The Most Dangerous Game (1932)
Director: Irving Pichel, Ernest B. Schoedsack
Cast: Joel McCrea, Fay Wray, Leslie Banks
Synopsis: An insane hunter arranges for a ship to be wrecked on an island where he can indulge in some sort of hunting and killing of the passengers.
‘The world’s divided into two kinds of people: the hunter and the hunted. Luckily I’m the hunter. Nothing can change that.’ So says cocky white hunter Bob Rainsford (Joel McCrea) in response to the philosophising of a fellow cabin cruiser passenger who reflects that ‘the beast of the jungle, killing just for his existence, is called savage. The man, killing just for sport, is called civilized.’ Those words no doubt come back to haunt hunter Bob when he’s one of three survivors after the cruiser crashes on rocks. The other two survivors are quickly claimed by sharks — ‘argh! It’s got me!’ exclaims the ship’s captain before going under — who, in light of later revelations, probably hang around the area just waiting for ships to pass by, but Bob manages to make it to shore, and after wondering through a jungle he comes across an old fortress.
It’s the home of Count Zaroff (Leslie Banks), one of cinema’s greatest mad noblemen. Zaroff is a former member of the Russian aristocracy who escaped his homeland with most of his fortune intact and made his home in this remote castle. Banks’ performance, while as hammy as you might expect from a hissable early talkie villain, is strengthened by the disfiguring scars he received from injuries during service in the First World War. Zaroff is one of those mad men whose insanity is concealed by a deceptively urbane exterior, although anybody who employs a hulking mute doorman named Ivan (Noble Johnson) has to be immediately suspect.
To be fair to Rainsford, he’s pretty quick to figure out that something’s not quite right about the Count and his minions, and his suspicions are strengthened that same evening when he meets the Count’s other guests, Martin (Robert Armstrong) and Eve (Fay Wray), a brother and sister who are also survivors of a shipwreck. Martin isn’t shy about helping himself to the Count’s hospitality and is very quickly three sheets to the wind, while Eve tries in vain to deliver a coded warning about danger to Rainsford. Later, while the Count entertains his guests with a tune on the piano at Martin’s drunken bidding, Eve surreptitiously clues Rainsford in on her suspicions. She informs him that there were originally four survivors, but that two of them have mysteriously disappeared. With this in mind, you’d think she’d be a bit nervous about how badly her drunken brother seems to be irritating the Count — in fact, you’d think she might have voiced her suspicions to her brother at some point. But Martin seems as happy as a drunk with an endless supply of booze and a breezy incomprehension of just how annoying his drunken camaraderie really is, and Eve is happy enough to leave him with the Count as she toodles off to bed.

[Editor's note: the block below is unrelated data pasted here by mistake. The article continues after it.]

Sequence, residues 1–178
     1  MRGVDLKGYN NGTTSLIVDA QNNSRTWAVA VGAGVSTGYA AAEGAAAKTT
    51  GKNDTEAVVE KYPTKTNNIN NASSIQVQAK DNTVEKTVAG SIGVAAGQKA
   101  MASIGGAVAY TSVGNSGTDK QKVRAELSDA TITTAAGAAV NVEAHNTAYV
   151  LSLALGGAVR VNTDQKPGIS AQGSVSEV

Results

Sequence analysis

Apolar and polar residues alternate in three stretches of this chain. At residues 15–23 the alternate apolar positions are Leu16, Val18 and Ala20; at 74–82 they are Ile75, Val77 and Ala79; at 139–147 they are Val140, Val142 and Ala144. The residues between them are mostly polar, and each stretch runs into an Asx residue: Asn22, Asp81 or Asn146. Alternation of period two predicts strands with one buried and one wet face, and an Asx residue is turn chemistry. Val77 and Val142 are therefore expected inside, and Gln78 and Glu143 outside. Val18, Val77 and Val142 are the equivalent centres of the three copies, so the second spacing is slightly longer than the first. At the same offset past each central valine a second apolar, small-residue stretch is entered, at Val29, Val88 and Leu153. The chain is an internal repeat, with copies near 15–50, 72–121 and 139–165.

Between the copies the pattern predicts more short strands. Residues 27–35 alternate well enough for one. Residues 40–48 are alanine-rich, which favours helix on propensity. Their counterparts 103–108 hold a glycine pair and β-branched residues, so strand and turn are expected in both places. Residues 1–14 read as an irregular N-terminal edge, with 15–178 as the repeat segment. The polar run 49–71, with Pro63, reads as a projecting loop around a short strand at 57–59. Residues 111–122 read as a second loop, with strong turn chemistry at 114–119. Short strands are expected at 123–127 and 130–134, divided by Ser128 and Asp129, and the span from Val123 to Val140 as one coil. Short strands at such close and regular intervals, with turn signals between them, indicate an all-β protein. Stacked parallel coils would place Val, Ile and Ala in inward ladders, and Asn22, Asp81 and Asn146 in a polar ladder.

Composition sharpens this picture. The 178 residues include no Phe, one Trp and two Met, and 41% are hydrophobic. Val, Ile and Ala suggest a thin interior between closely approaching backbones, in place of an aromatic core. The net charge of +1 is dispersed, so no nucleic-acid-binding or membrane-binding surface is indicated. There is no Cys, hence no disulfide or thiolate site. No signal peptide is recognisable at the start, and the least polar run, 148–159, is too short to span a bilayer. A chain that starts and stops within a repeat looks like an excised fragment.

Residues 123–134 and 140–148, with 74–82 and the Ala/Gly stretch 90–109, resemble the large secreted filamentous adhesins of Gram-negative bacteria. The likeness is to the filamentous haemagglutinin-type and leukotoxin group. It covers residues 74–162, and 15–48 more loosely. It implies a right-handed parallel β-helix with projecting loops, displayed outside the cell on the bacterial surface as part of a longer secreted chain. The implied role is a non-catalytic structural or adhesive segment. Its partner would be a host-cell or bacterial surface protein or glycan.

Later that night though, she comes to Rainsford’s room, worried that Martin hasn’t returned to his. The pair of them descend the steps of the darkened castle and into the vaults where they find some grisly hunting trophies mounted on the walls. And while they’re rooting around down there, the Count and his men show up with his latest kill. You don’t need this reviewer to tell you who Zaroff’s latest victim is, and the discovery causes Eve to foolishly give up her hiding place to berate the Count. Zaroff has her escorted away and confesses his dastardly game to Rainsford. He deliberately moved the light buoys at sea so that ships would crash, providing him with a regular supply of survivors to act as his prey. All they have to do is stay alive for one night in the jungle to earn their freedom. Needless to say, Rainsford is to be the next player in Zaroff’s nasty little game.
The Most Dangerous Game is barely more than an hour long, and therefore paints its characters in broad strokes. They each pretty much define themselves in a few sentences before moving on with the storyline, which is all build up to the concluding hunt. There’s a nice menacing atmosphere to it though, and Zaroff’s castle — ‘built by the Portuguese’ — looks terrific. While Zaroff might not exactly be an imposing madman, he nevertheless possesses an unshakable confidence about his right to hunt down and kill other human beings like animals. Other filmmakers might have dwelt more upon the notion of why it’s considered ok to hunt animals but not humans for sport but directors Irving Pichel and Ernest B. Schoedsack are more intent on delivering a visceral thrill than pondering the moral and philosophical aspects of the tale. And let’s face it, most of us are, too. While the movie is entertaining enough prior to the hunt it elevates itself to another level once it begins. The Most Dangerous Game might appear creaky and outdated these days, but it has served as the inspiration for countless movies in the eighty-odd years since it was first released.
(Reviewed 7th September 2013)